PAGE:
Gold makes people crazy. The pursuit of gold has driven men to do horrific things: robbery, murder, slave mines, genocide, war -a long list of evils. The way I see it, holding gold buys into a horribly exploitive system. Creating demand for the metal encourages those abusive systems that extract and collect it.
So how does one store wealth? Darned if I know. All my money goes into having experiences. I collect things like books that have little monetary value yet provide me with pleasure. I've a house and a bit of land, but that can be taxed, or repossessed so it's not a perfect store of value. Frankly, the pursuit of wealth has always bored me.
I'm the first to admit that I'm the last person to talk to about monetary wealth. My bias against gold may just be a personal failing. After all, most people who collect gold have never done any of the bad things associated with it. They didn't invent the system, they are only trying to get by in it.
In the interest of full disclosure, I do have a gold wedding band. That's the extent of my gold. It's value is not in the few dollars it could fetch on the market, but as a symbol of a wonderful marriage.
Tuesday, October 21, 2014
My dad and his new wife are on their way back to Florida. They were here in New Hampshire for a little over two weeks. The first week was all about putting a wedding together. The second week was a bit more relaxed. Good time had by all, but it's nice to have the house to ourselves again.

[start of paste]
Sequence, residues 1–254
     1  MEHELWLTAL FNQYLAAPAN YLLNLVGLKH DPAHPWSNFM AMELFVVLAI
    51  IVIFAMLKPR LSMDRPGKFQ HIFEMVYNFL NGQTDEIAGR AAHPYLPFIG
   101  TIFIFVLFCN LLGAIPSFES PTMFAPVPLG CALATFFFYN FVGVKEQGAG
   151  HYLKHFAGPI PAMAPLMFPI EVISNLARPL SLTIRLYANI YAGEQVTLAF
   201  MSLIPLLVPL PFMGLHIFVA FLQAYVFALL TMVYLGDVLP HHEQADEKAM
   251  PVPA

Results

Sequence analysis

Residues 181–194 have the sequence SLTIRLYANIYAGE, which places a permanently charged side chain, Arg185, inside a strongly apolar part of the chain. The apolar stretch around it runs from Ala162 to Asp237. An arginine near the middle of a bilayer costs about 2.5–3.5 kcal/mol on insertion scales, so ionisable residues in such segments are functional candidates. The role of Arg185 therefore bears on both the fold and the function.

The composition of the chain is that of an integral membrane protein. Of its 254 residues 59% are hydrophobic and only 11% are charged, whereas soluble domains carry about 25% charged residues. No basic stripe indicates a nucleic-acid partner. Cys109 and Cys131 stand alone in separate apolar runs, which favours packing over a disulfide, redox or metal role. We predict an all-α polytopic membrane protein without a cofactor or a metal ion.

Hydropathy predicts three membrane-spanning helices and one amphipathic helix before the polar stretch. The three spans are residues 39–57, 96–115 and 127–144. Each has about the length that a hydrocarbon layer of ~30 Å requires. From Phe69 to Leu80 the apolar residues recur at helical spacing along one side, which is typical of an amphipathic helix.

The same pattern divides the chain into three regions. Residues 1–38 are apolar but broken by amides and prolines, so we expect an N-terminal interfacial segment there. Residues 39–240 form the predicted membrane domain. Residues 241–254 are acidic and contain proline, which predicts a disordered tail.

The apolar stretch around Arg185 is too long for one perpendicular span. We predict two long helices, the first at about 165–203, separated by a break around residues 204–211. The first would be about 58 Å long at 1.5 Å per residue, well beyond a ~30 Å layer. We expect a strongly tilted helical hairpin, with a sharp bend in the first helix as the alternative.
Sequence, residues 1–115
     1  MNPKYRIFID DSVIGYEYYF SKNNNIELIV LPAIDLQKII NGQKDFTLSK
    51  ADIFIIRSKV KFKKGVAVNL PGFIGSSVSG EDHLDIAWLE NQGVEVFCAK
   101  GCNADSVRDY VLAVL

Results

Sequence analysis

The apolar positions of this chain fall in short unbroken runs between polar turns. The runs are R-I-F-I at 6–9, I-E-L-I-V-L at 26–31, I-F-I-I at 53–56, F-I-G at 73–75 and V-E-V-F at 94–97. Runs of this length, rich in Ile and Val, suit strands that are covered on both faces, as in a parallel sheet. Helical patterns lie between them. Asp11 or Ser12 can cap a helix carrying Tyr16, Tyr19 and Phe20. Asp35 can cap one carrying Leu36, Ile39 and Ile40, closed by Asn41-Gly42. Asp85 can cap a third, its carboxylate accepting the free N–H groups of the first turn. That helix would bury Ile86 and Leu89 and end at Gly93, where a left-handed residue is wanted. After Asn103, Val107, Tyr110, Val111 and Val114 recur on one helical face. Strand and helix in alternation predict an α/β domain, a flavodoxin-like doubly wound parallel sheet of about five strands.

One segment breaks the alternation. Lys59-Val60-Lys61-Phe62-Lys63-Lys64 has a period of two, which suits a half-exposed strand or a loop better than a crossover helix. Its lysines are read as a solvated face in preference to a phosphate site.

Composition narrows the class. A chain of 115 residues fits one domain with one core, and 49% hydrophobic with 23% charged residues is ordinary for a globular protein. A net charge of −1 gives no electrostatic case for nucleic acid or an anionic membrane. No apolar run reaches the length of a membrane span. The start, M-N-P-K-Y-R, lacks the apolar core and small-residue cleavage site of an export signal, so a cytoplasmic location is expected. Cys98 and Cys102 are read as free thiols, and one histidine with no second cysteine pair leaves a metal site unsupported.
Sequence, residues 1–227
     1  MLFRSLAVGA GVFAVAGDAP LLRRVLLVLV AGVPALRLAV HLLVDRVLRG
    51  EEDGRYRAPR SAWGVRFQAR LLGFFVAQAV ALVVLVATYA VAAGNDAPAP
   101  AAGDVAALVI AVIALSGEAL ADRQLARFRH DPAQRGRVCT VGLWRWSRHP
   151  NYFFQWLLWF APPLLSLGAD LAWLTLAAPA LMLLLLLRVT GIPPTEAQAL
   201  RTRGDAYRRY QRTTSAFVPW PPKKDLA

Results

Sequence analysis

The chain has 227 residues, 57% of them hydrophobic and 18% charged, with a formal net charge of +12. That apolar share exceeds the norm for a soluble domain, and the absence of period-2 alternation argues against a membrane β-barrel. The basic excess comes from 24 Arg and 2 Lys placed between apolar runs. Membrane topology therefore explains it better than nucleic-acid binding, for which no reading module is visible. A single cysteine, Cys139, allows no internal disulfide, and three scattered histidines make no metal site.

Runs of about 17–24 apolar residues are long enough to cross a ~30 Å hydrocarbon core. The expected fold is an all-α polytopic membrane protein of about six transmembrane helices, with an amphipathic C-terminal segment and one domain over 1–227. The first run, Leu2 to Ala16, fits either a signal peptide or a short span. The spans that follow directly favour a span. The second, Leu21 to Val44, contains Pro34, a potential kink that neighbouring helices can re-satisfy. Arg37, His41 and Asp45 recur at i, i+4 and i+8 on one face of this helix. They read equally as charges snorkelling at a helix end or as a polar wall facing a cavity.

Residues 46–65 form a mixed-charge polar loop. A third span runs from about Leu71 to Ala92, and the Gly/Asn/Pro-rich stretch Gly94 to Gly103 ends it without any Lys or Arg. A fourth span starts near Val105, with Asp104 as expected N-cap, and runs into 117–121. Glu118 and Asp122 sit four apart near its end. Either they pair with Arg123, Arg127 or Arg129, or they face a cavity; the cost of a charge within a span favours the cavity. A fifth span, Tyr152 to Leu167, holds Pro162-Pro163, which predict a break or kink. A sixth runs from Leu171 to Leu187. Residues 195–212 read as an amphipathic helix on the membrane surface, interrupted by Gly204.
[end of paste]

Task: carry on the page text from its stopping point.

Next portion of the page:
The next thing on my to do list is to strip down and clean all the firearms we used during the past week. Dad doesn't get out to shoot that often so he took full advantage. I dragged out guns that haven't been shot in years. Good thing I bought .22 ammo when it was $12 - $15 for 500. People thought I was nuts then for buying more than I needed.
Dad's 79, complains he can't see very well and that his hands shake. That may be so, yet he was hitting half dollar sized targets at 75 yards with iron sights. It was all I could do to keep up with him. Perhaps he's mastered the force.
I did miss out on two prime weeks of warm weather. The trailer I'm retrofitting for the Ooze Goose boat got a coat of paint, but not much else got done. During previous boat tests I'd tracked a lot of water in with my wet shoes. Size 14 footwear makes for some big buckets. Today I bailed the rainwater out of the boat and carefully dried it with a towel. Then I rowed out into the lake and checked to see if the boat stayed dry, which it did. My concern was that the water I'd previously tracked in would have hidden any small leaks.